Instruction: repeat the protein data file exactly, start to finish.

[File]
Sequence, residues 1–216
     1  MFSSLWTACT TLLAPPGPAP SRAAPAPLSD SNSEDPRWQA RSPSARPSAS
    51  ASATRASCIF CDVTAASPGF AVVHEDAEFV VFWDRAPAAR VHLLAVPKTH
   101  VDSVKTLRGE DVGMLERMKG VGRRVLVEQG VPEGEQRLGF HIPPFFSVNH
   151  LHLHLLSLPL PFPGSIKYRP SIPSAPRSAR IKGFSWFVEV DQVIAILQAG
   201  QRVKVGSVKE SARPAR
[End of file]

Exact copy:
Sequence, residues 1–216
     1  MFSSLWTACT TLLAPPGPAP SRAAPAPLSD SNSEDPRWQA RSPSARPSAS
    51  ASATRASCIF CDVTAASPGF AVVHEDAEFV VFWDRAPAAR VHLLAVPKTH
   101  VDSVKTLRGE DVGMLERMKG VGRRVLVEQG VPEGEQRLGF HIPPFFSVNH
   151  LHLHLLSLPL PFPGSIKYRP SIPSAPRSAR IKGFSWFVEV DQVIAILQAG
   201  QRVKVGSVKE SARPAR